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The Pitch

The other night I had brunch with a friend and we got to talking about projects that we were working on. I told her I had a few things that I was developing and she asked me to pitch them all to her so she could see which ones she liked more than others. And I suddenly found myself struck with a harsh realization. I have no idea how to pitch. I mean, I do, I’m just terrible at it. I stumble, say “uh” a lot, and end up digressing on any number of subjects. So this week I figured I would share some helpful articles and videos on pitching. I figured I should start working on my pitching ability so I’ve also started to record myself pitching various projects. I’m not going to share those videos now but I may in the future. For now, please enjoy some advice on pitching that seemed to help me a little. There are five pillars that I believe make a solid pitch.


LOGLINE

The logline is arguably the most important aspect of initially developing a story. It encapsulates the central conflict of the story and essentially in one line explains what the story is about. Creating a good logline is essential for any writer and for any filmmaker looking to pitch their story to someone or group of someones. Below is a video that was helpful for me in creating a strong logline. Try to ignore their incorporating Harvey Weinstein into the video. That obviously didn’t age well.


HERO

If you’ve already written your logline, then you probably already know who your hero is. The hero is the protagonist, the main character in the story, the one that changes the most and is who the main conflict is reflecting off of. But is that always true? Sometimes the hero, main character, and protagonist can be different people. This requires some digging and backstory and figuring where your characters were and what they were doing before the movie even starts. Below is a blog post by John August where he explains the difference between the hero, main character, and protagonist. Distinguishing them apart is crucial when crafting your pitch. Know who your hero is. And who they really are, where they come from, and the conflict they are faced with. Below the blog post link is a video about what makes a compelling movie hero or protagonist.
http://johnaugust.com/2005/whats-the-difference-between-hero-main-character-and-protagonist


GENRE

This one should be pretty obvious and self explanatory. Is your movie a thriller? Comedy? Musical? Romance? Horror? Documentary? The list goes on and on. And now, there are many stories that are mixtures of two different genres. Comedy horror for example. If you have your story out, then chances are you know what your genre is already. So commit to it and really have an understanding of that genre as well as the style and tone that it conveys.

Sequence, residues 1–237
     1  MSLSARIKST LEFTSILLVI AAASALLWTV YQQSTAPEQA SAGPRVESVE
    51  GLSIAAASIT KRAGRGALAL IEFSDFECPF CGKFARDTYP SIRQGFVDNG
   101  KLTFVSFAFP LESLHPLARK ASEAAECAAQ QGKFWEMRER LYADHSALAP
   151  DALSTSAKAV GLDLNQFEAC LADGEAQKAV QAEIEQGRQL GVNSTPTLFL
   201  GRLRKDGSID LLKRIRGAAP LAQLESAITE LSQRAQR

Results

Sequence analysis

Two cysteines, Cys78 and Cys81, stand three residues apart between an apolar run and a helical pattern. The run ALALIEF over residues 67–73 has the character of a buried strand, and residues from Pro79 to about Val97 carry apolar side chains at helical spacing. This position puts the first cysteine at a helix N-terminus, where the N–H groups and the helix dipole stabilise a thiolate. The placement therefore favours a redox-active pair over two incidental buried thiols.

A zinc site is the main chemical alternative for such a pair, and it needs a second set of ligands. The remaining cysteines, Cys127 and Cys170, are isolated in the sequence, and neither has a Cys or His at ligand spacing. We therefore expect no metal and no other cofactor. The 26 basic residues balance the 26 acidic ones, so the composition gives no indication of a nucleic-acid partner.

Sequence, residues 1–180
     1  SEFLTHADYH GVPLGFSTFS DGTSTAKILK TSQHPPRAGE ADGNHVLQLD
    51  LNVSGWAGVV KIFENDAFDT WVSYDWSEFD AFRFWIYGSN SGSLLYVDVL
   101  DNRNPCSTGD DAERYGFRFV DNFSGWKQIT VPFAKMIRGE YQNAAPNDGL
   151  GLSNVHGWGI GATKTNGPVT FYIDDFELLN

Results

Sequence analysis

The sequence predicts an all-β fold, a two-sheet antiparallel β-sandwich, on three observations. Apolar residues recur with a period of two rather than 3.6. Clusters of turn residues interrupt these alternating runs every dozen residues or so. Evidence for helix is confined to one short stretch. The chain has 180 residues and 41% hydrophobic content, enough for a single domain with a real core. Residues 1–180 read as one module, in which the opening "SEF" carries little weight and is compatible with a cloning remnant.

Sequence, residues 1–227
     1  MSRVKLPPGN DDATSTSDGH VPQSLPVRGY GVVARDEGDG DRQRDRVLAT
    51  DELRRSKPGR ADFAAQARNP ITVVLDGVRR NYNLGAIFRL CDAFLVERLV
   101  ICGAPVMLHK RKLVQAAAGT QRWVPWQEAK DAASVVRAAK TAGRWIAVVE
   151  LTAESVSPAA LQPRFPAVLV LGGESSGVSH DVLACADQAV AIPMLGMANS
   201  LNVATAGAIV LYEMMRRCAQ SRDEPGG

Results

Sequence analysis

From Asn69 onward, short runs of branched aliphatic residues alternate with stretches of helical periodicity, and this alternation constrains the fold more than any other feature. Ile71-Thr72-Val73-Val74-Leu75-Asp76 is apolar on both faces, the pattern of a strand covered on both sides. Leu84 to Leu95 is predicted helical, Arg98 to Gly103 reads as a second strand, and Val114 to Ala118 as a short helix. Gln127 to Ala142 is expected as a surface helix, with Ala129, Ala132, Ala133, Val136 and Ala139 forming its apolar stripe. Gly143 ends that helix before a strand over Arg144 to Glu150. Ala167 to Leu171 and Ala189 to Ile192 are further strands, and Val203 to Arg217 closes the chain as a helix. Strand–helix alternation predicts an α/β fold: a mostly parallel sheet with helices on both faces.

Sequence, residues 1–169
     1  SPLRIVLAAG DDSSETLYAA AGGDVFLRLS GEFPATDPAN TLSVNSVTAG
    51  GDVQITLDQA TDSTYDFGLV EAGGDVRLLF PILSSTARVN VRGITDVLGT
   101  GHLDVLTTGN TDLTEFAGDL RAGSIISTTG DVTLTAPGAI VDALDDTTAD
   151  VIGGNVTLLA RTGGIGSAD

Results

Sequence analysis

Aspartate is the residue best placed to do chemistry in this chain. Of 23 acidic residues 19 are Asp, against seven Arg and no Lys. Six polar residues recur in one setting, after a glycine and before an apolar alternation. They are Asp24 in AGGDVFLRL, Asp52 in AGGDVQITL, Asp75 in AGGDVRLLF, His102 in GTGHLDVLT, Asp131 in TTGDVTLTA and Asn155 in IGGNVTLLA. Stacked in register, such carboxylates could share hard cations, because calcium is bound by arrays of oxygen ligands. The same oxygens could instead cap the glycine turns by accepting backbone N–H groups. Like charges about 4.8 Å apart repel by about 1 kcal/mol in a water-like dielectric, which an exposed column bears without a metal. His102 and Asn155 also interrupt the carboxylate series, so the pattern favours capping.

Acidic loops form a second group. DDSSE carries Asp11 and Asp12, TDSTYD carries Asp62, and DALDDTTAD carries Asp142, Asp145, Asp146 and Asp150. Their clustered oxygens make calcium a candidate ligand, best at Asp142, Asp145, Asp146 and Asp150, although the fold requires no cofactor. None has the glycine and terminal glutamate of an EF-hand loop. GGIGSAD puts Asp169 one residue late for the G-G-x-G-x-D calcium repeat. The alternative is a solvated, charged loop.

THEMES

Theme is where I probably get stuck the most. For me, I feel like I’m always working on theme and trying to perfect it in my writing process. It’s annoying because it’s so important. For your pitch, theme tells your listener what you’re really trying to say with your story. What the moral of the story is. What the underlying message is that you are trying to convey with this character’s journey. Below are a couple of articles about different themes in film and a great video about what theme actually is. The video was probably more helpful for me than anything else regarding theme. It just really puts it all in a nutshell. And he’s funny as hell.
https://nofilmschool.com/2016/01/themes-explained-what-are-how-use-why-important
https://thescriptlab.com/screenwriting/story/story-development/1005-top-10-central-themes-in-film/


MOVIE COMPARISONS

What movie or movies is your story most similar to? Some filmmakers don’t like providing comparisons of other films to theirs, which is understandable. For me, I feel like it helps in the pitch give a more visual depiction of what your movie is going to be like, and even the style that you are going after. It’s also fun trying to find other movies that you may have unconsciously been inspired by. So what movies is yours most like? Is it Terminator meets LaLa Land? (That sounds like it could be a robot musical). Is it Fatal Attraction meets Mrs. Doubtfire? You get the idea. Have fun with it. Exploring films that are similar to yours also gives you a sense of how it might be responded to and how to market the movie. 


Pitching can be an overwhelming and daunting undertaking. But for any filmmaker it’s crucial in mastering if you want people to get interested and engaged in your stories. Sometimes it’s the pitch that determines whether someone gets involved in the project (or in some cases finances it). For me, I’ll be spending much more time working on this and developing my pitching skills. I’ll check in again down the road and let you know how much my pitching style has changed and hopefully improved. In the meantime, go pitch your stories! Everyone loves hearing stories. Get yours out there!

Links:
https://www.youtube.com/watch?v=r0Fj_H9Q73k
http://johnaugust.com/2005/whats-the-difference-between-hero-main-character-and-protagonist
https://www.youtube.com/watch?v=sQzxE3hPw9U
https://www.youtube.com/watch?v=FiUIPK4V_40
https://nofilmschool.com/2016/01/themes-explained-what-are-how-use-why-important
https://thescriptlab.com/screenwriting/story/story-development/1005-top-10-central-themes-in-film/
https://www.youtube.com/watch?v=rIuKNVny9cM&feature=youtu.be
https://www.scriptmag.com/features/craft-features/what-is-story-story-types-plot-types-themes-genres
https://nofilmschool.com/2017/03/how-to-pitch-your-movie-tv-series

Matthew MontgomeryComment